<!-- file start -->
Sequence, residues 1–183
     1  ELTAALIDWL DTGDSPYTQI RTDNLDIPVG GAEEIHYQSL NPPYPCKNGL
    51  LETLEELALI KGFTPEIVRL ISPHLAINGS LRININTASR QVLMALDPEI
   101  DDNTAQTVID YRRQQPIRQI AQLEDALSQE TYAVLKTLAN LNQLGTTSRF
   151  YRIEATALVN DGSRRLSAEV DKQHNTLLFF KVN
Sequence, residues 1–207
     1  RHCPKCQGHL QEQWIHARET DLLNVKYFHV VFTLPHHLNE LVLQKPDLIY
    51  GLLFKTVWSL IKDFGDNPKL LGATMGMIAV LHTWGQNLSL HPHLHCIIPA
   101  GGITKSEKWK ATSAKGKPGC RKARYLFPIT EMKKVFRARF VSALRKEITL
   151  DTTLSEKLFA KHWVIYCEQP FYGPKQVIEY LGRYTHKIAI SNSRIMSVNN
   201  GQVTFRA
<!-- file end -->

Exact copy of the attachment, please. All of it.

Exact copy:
Sequence, residues 1–183
     1  ELTAALIDWL DTGDSPYTQI RTDNLDIPVG GAEEIHYQSL NPPYPCKNGL
    51  LETLEELALI KGFTPEIVRL ISPHLAINGS LRININTASR QVLMALDPEI
   101  DDNTAQTVID YRRQQPIRQI AQLEDALSQE TYAVLKTLAN LNQLGTTSRF
   151  YRIEATALVN DGSRRLSAEV DKQHNTLLFF KVN
Sequence, residues 1–207
     1  RHCPKCQGHL QEQWIHARET DLLNVKYFHV VFTLPHHLNE LVLQKPDLIY
    51  GLLFKTVWSL IKDFGDNPKL LGATMGMIAV LHTWGQNLSL HPHLHCIIPA
   101  GGITKSEKWK ATSAKGKPGC RKARYLFPIT EMKKVFRARF VSALRKEITL
   151  DTTLSEKLFA KHWVIYCEQP FYGPKQVIEY LGRYTHKIAI SNSRIMSVNN
   201  GQVTFRA